© 2018 Informa UK Limited, trading as Taylor & Francis Group. Introduction: Chronic diseases, including myocardial scar healing and heart failure remission, impose huge social and economic burdens, and novel approaches are needed. Several therapeutic modalities are currently being evaluated, including cell therapy, stem cell conditioning, and cardiac tissue engineering. Areas covered: This review discusses the restoration of cardiac function after myocardial infarction using a vascularized flap of autologous cardiac adipose tissue over an akinetic scar. It addresses the risks and benefits of using cardiac adipose progenitors and the adipose graft transposition procedure (AGTP) to ameliorate cardiac dysfunction in preclinical and clinical trials. Expert commentary: The focus is shifting from first-generation studies that used ex vivo expanded and manipulated progenitors to newer second-generation approaches, including AGTP, which are inexpensive and do not raise ethical issues. AGTP safety has been validated, and the ongoing AGTP-2 trial to determine AGTP efficacy and outcome is currently recruiting patients (NCT02798276). This reparative strategy is safe, avoids the risks associated with ex vivo manipulation, and the preclinical and clinical trials performed to date show cardiac function recovery and reduced necrosis. Confirmation of these data in the AGTP-2 trial could pave the way for the clinical use of this novel modality.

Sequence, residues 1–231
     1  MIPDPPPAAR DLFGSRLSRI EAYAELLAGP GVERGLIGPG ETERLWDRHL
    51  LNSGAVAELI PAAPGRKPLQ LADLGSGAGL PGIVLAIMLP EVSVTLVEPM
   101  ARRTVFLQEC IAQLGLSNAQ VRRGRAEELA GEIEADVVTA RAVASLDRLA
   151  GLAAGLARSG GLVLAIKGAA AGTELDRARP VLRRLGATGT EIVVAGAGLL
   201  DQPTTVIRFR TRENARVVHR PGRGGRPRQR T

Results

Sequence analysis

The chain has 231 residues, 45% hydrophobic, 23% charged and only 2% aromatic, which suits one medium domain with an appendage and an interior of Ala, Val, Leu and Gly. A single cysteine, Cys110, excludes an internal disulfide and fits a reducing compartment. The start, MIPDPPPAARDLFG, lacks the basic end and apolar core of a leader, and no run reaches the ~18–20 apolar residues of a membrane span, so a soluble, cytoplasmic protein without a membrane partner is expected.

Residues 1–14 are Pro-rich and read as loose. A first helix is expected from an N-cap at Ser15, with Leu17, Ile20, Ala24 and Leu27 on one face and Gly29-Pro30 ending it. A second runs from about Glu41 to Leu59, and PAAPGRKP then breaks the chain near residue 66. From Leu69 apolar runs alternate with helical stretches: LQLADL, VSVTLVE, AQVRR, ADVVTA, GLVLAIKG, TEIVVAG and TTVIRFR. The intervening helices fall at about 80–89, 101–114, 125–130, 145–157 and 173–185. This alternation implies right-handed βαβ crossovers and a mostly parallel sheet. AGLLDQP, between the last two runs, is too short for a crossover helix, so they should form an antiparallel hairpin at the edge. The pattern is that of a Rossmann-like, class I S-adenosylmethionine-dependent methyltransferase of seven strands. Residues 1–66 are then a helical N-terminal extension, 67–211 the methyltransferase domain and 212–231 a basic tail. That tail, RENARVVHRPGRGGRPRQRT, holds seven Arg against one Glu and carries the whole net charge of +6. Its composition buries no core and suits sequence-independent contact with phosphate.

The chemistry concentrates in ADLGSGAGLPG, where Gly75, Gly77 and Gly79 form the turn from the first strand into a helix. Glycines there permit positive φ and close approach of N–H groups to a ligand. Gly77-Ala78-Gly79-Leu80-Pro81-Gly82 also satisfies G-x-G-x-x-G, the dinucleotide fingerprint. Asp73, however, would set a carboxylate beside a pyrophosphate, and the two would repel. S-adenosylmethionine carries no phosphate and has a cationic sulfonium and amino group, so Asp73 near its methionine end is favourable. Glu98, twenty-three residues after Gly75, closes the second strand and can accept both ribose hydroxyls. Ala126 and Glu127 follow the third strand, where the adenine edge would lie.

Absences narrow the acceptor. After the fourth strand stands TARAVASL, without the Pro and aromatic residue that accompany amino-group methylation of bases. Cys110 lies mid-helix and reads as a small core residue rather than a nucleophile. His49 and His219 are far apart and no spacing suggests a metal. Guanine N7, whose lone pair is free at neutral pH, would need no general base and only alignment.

|Journal||Expert Review of Cardiovascular Therapy|
|Publication status||Published - 3 Apr 2018|
- cardiac adipose tissue
- cardiac tissue engineering
- mesenchymal stem cells
- myocardial infarction